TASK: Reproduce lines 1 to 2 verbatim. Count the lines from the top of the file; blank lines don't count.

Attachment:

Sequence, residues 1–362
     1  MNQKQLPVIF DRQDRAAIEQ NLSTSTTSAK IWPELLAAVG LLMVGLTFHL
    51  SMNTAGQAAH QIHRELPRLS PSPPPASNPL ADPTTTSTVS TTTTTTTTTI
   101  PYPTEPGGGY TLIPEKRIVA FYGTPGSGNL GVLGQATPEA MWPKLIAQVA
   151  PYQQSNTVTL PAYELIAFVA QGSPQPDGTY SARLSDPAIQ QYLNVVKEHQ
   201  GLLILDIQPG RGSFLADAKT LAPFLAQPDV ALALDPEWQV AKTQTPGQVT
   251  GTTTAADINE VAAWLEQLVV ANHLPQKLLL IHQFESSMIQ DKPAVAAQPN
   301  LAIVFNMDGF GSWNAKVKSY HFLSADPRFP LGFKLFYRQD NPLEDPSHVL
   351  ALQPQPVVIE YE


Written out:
Sequence, residues 1–362
     1  MNQKQLPVIF DRQDRAAIEQ NLSTSTTSAK IWPELLAAVG LLMVGLTFHL